Fairchild Tropical Garden Expedition aboard the Cheng Ho 1939-1940
FEBRUARY 1940
 
 
 
 
1
2
3
4
5
6
7
8
9
10
11
12
13
14
15
16
17
18
19
20
21
22
23
24
25
26
27
28
MARCH 1940
 
 
 
 
 
2
3
4
5
6
7
8
9
10
11
12
13
14
15
16
17
18
19
20
21
22
23
24
25
26
27
28
29
30
31
APRIL 1940
 
1
2
3
4
5
6
7
8
9
10
11
12
13
14
15
16
17
18
19
20
21
22
23
24
25
26
27
28
29
30
MAY 1940
 
 
 
1
2
3
4
5
6
7
8
9
10
11
12
13
14
15
16
17
18
19
20
21
22
23
24
25
26
27
28
29
30
31
MAY 1940
31

South Loloda Bay, Halmahera, Indonesia

Written by Edward Beckwith on Friday, May 31, 1940

The approach to South Loloda Bay was very beautiful with two active volcanoes on the mainland of Halmahera. The entrance was between the islands of Adoei and Kalitola, the bay being almost completely enclosed and consequently well protected and quiet. The entrance was rather narrow with a number of shoals near the anchorage. We anchored at 9 AM. Everyone was greatly pleased with the situation as the country looked promising for every activity. These are at present: 1. Botanical specimens (David, Hugo); 2. Shells (Marian, Anne, Ted); 3. Snails, especially tree snails (David, Marian); 4. Butterflies (Fenton, Hugo); 5. Photography for me.

I thought I would stay on board being rather tired after navigation responsibilities since 5 A.M., but David wanted me to go along with him, Anne, Fenton and Hugo up one of the rivers which was marked on the chart. I took some bearings to show where the entrance to the two rivers marked should be located. The one we tried, after getting directions from a native in a prau, was not very near the spot I had located as the correct one and I will check up to see if the chart is inaccurate, as it is quite possible. The river went in about 3 miles, when it became too shallow for the launch. The first part was mangrove. David found nothing whatever of interest botanically, but collected a good many tree snails to take back to his friend Manley who is studying evolution .

We stopped at a native landing and walked inland to a native settlement which was quite interesting, some of the houses having a form of architecture which I had not seen before. The men were friendly but the women kept very much in the background. It must be extremely seldom that these people ever see a white person. Suspicion was evident in some cases, the general one being that we are Japanese or German.

There were an unusual number of large lizards on the banks and we saw two medium sized crocodiles disappear in the water.

Hugo and Fenton were very active in hunting butterflies and caught some beautiful specimens. They each had a green butterfly net and each would blame the other when he missed one. I steered and ran the launch but could not get excited over these activities. The river was interesting and beautiful. The natives at the village were greatly amused by Hugo and Fenton’s butterfly catching. It must have appeared to them as the most ridiculous thing imaginable.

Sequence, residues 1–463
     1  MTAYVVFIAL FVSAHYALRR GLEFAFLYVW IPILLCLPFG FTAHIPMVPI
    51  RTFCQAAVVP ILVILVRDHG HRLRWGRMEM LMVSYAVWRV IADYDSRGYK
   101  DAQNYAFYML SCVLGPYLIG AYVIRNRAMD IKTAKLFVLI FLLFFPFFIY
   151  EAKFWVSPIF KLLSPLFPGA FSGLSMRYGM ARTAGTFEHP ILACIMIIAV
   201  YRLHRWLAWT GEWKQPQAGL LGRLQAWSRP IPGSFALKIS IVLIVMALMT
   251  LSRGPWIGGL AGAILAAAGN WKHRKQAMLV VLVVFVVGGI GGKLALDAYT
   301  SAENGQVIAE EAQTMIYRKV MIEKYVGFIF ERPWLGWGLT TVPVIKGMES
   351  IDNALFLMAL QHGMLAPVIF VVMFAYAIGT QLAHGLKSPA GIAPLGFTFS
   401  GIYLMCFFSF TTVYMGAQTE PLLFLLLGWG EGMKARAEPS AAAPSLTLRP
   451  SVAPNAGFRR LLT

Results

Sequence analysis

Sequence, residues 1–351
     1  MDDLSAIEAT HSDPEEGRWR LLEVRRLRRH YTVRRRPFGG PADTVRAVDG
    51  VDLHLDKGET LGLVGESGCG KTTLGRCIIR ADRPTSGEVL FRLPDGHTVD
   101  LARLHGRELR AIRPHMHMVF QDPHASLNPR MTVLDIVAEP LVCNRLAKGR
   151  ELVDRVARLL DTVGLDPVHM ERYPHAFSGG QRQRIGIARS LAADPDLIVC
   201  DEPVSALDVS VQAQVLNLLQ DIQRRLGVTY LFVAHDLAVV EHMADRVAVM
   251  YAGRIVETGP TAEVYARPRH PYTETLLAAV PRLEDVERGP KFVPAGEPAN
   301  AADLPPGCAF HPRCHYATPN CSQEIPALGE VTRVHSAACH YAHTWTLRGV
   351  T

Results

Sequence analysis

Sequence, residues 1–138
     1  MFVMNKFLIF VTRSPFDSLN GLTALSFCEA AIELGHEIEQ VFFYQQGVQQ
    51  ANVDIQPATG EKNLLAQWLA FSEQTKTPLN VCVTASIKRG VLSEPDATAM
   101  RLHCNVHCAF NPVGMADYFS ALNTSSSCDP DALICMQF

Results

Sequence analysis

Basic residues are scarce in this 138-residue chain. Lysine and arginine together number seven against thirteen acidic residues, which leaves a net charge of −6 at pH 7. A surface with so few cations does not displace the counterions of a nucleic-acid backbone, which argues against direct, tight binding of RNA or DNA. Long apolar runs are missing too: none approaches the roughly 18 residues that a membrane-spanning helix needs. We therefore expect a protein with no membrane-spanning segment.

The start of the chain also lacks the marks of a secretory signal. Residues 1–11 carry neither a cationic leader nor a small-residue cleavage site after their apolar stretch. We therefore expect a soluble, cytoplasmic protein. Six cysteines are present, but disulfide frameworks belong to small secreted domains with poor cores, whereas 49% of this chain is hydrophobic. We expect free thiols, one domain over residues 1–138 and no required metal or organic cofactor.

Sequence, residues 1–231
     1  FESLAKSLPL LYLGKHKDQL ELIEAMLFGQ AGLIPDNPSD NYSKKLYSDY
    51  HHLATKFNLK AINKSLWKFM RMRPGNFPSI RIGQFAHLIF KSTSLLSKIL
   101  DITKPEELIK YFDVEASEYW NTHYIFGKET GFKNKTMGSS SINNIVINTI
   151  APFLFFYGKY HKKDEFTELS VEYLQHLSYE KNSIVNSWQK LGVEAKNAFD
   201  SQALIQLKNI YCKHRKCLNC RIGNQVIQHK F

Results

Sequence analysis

We came to a sort of pool at the side of the stream with a small waterfall. Anne and David got out and David got into the mud, getting wet and dirty. Anne made the rest go out of sight while she took a swim in the pool. When she came out she looked more dirty than when she went in. My Rolleiflex went out of order and I spent some time and spoiled some film in fixing it. The complex devices on this camera make it more likely to get out of order than a more simple one.

We had lunch in the launch and returned at 5.

Marian and Kilkenney had been off all morning in the large launch exploring the surrounding islands. They found a cave filled with bats and were very enthusiastic about the beautiful shores. Ted spoke of it as a “photographer’s paradise.”

Ted thought this bay was an air base for sea planes but a native we asked said none came here. My impression is that this is the most remote and safe spot we have been to.

Entrance to South Loloda Bay with view of distant volcanoes
Entrance to South Loloda Bay, Halmahera, Indonesia with view of distant volcanoes. Photographed by Edward Beckwith.
Fishermen in South Loloda Bay with a captured ray
Fishermen in South Loloda Bay with a captured ray. Photographed by Edward Beckwith.
Thatched house in village near South Loloda Bay
Thatched house in village on Halmahera near South Loloda Bay. Photographed by David Fairchild.
 
Cheng Ho group in a village near South Loloda Bay
Fenton Kilkenny, Hugo Curran, Anne Archbold, and David Fairchild in a village on Halmahera near South Loloda Bay. Photographed by Edward Beckwith.
David Fairchild and Hugo Curran with a group near South Loloda Bay
David Fairchild and Hugo Curran with a group on Halmahera near South Loloda Bay. Photographed by Edward Beckwith.
Waterfall and muddy pool near South Loloda Bay
Waterfall and muddy pool on Halmahera near South Loloda Bay. Photographed by Edward Beckwith.
 

Submit a comment

You can use these HTML tags and attributes: <a href="" title=""> <abbr title=""> <acronym title=""> <b> <blockquote cite=""> <cite> <code> <del datetime=""> <em> <i> <q cite=""> <strike> <strong>